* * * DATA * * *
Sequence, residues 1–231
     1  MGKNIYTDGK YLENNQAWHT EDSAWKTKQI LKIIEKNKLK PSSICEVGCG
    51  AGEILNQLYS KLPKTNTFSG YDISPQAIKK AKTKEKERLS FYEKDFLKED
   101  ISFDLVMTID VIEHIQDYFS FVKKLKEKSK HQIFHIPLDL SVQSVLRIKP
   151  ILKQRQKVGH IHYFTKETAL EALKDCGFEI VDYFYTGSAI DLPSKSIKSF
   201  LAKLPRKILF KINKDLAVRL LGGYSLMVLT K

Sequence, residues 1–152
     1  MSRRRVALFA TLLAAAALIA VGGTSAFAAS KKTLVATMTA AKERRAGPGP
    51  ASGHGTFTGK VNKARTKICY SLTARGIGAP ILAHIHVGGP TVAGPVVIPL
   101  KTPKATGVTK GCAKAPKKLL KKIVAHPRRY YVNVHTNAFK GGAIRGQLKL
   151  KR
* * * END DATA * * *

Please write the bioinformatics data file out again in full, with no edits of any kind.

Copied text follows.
Sequence, residues 1–231
     1  MGKNIYTDGK YLENNQAWHT EDSAWKTKQI LKIIEKNKLK PSSICEVGCG
    51  AGEILNQLYS KLPKTNTFSG YDISPQAIKK AKTKEKERLS FYEKDFLKED
   101  ISFDLVMTID VIEHIQDYFS FVKKLKEKSK HQIFHIPLDL SVQSVLRIKP
   151  ILKQRQKVGH IHYFTKETAL EALKDCGFEI VDYFYTGSAI DLPSKSIKSF
   201  LAKLPRKILF KINKDLAVRL LGGYSLMVLT K

Sequence, residues 1–152
     1  MSRRRVALFA TLLAAAALIA VGGTSAFAAS KKTLVATMTA AKERRAGPGP
    51  ASGHGTFTGK VNKARTKICY SLTARGIGAP ILAHIHVGGP TVAGPVVIPL
   101  KTPKATGVTK GCAKAPKKLL KKIVAHPRRY YVNVHTNAFK GGAIRGQLKL
   151  KR